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Durham University

Faculty Handbook Archive

Archive Module Description

This page is for the academic year 2017-18. The current handbook year is 2020-21

Department: Geography

GEOG3191: SEA-LEVEL CHANGE AND COASTAL EVOLUTION

Type Open Level 3 Credits 20 Availability Available in 2017/18 Module Cap Location Durham

Prerequisites

  • Any Level 1 or Level 2 GEOG module

Corequisites

  • None

Excluded Combination of Modules

  • None

Aims

  • This third year elective module examines global, regional and local-scale changes in sea-level from the last glacial maximum to the present, predictions for the future, how coasts have developed, how they operate and how they may develop in the future

Content

  • Driving mechanisms
  • Relative sea-level change
  • Coastal processes
  • Rapid events - including storm surges, earthquakes and tsunami
  • Future sea-level change - current knowledge, hazards and management
  • The instrumental era of sea-level measurement
  • Coastal responses to sea-level change and coastal management
  • Project work

Learning Outcomes

Subject-specific Knowledge:
  • On successful completion of the module students are expected to be able to:
  • Comprehend the spatial and temporal variability in contemporary coastal processes, knowing the linkages between wave, wind and tidal processes, terrestrial and marine sediment supply and coastal morphology
  • Comprehend and evaluate the patterns and processes controlling long-term coastal evolution and relative sea-level change, including the methodology of data collection and analysis
  • Describe and explain the causes and importance of rapid events in coastal change
  • Evaluate the evidence of historic sea-level change, and the significance of the past in molding the present
  • Assess the human / physical interface through emphasis on issues surrounding future climate and sea-level rise
Subject-specific Skills:
  • Identify and evaluate and from the scientific literature the type of evidence that records coastal response to changes in sea-level, sediment supply and energy
  • Analyse and interpret historical sea-level change data
  • Undertake original research in sea-level change science
Key Skills:
  • Examination and analysis of quantitative data sources
  • Students are expected to define their own research problem, produce their own research findings, design and illustrate a poster displaying their work, defend this presentation orally, and write a scientific abstract of the work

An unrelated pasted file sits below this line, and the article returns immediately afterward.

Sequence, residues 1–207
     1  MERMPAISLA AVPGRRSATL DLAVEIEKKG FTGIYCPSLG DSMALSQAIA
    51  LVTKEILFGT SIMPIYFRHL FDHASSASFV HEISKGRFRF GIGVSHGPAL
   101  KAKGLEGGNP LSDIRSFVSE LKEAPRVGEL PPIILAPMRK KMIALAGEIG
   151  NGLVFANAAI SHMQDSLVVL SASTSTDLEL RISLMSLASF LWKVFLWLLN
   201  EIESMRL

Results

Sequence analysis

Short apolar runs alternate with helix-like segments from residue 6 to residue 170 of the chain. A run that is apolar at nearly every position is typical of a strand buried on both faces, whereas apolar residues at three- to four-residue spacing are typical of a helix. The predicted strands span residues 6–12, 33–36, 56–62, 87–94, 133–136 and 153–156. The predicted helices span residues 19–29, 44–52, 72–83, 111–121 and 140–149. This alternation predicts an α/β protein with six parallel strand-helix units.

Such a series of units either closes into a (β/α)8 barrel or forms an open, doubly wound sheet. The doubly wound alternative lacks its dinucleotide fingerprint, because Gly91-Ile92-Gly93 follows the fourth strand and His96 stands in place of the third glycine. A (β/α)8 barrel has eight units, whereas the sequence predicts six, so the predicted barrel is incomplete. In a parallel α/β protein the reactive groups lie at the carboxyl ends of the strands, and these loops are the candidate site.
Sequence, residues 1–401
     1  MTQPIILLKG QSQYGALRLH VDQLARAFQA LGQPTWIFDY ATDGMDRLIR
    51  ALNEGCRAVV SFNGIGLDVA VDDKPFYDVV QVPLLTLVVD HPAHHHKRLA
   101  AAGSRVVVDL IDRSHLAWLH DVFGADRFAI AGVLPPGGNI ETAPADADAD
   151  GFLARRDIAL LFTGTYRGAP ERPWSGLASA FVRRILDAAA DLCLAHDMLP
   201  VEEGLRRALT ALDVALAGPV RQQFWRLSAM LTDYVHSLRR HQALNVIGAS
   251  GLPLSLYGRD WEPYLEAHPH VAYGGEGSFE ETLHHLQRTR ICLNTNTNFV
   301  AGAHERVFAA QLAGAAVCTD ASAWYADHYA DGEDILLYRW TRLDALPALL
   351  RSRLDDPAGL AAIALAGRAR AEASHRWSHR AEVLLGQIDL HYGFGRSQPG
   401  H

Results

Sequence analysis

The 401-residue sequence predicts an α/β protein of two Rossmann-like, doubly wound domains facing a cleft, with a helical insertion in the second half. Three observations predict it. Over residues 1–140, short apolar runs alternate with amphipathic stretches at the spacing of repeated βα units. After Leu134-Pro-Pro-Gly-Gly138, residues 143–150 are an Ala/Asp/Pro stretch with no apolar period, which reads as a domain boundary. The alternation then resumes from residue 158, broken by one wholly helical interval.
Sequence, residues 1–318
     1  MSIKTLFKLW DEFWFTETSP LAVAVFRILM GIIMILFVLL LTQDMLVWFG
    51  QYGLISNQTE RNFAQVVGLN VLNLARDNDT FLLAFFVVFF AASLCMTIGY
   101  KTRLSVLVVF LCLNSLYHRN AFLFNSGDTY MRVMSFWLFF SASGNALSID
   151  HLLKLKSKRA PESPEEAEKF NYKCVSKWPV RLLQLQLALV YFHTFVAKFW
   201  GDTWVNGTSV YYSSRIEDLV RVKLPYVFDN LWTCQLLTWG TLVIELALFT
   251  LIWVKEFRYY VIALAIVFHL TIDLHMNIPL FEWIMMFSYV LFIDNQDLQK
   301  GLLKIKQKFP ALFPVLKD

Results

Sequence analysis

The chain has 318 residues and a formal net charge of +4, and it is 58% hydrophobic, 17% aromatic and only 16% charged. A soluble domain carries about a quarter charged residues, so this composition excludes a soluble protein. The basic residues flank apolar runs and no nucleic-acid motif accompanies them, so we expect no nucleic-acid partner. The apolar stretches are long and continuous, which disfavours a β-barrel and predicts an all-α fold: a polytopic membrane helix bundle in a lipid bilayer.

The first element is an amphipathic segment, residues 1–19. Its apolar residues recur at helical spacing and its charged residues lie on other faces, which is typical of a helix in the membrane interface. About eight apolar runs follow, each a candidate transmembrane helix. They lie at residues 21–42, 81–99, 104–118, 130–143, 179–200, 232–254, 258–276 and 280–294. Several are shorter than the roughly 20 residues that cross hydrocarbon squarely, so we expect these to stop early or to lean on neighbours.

• Present a critical synthesis of a particular project
  • Work as a team in the development of a group poster which links directly to an individual poster presentation combining to form the summative assessment
  • Review previous work, assess its quality

Modes of Teaching, Learning and Assessment and how these contribute to the learning outcomes of the module

  • This module uses a range of teaching, learning and assessment techniques
  • Much of the module is lecture-based, where students will learn about the processes of sea-level change, but also issues and debates at the cutting edge of research.
  • Students complete data analysis practicals linked to topical issues in sea-level research which provide data analysis skills relevant to the summative research projects.
  • Students complete a group research project at an advanced level which allows them to investigate a debate or specific topic in sea-level research and engage with the opportunities and problems faced by researchers investigating that issue.
  • Students are provided with a set of research projects linked to contemporary issues in sea-level research from which they elect one project for analysis
  • The project work provides an opportunity for advanced level research
  • The module employs formative assessment to help students to develop their project presentation and data management skills, and summative assessment to demonstrate advanced understanding of issues in sea-level science and includes a summative poster presentation which develops written and oral presentation skills.

Teaching Methods and Learning Hours

Activity Number Frequency Duration Total/Hours
Lectures 12 Weekly 2 hours 24
Practicals 4 Terms 1 & 2 2 hours 8
Practicals 3 Term 1 2 x 3 hours; 1 x 2 hours 8
Tutorials 4 0.5 hours 2
Summative Presentation (individual) 1 Term 2 0.5 hours 0.5
Preparation and Reading 157.5
Total 200

Summative Assessment

Component: Examination Component Weighting: 50%
Element Length / duration Element Weighting Resit Opportunity
Unseen written examination 1.5 hours 100%
Component: Group poster and abstract Component Weighting: 10%
Element Length / duration Element Weighting Resit Opportunity
Group poster and abstract 3 pages 100%
Component: Individual poster presentation Component Weighting: 40%
Element Length / duration Element Weighting Resit Opportunity
Individual poster presentation 15 minutes 100%

Formative Assessment:

Group project presentation to member of staff supervising each group project. Feedback from staff member on project design, content and initial analysis


Attendance at all activities marked with this symbol will be monitored. Students who fail to attend these activities, or to complete the summative or formative assessment specified above, will be subject to the procedures defined in the University's General Regulation V, and may be required to leave the University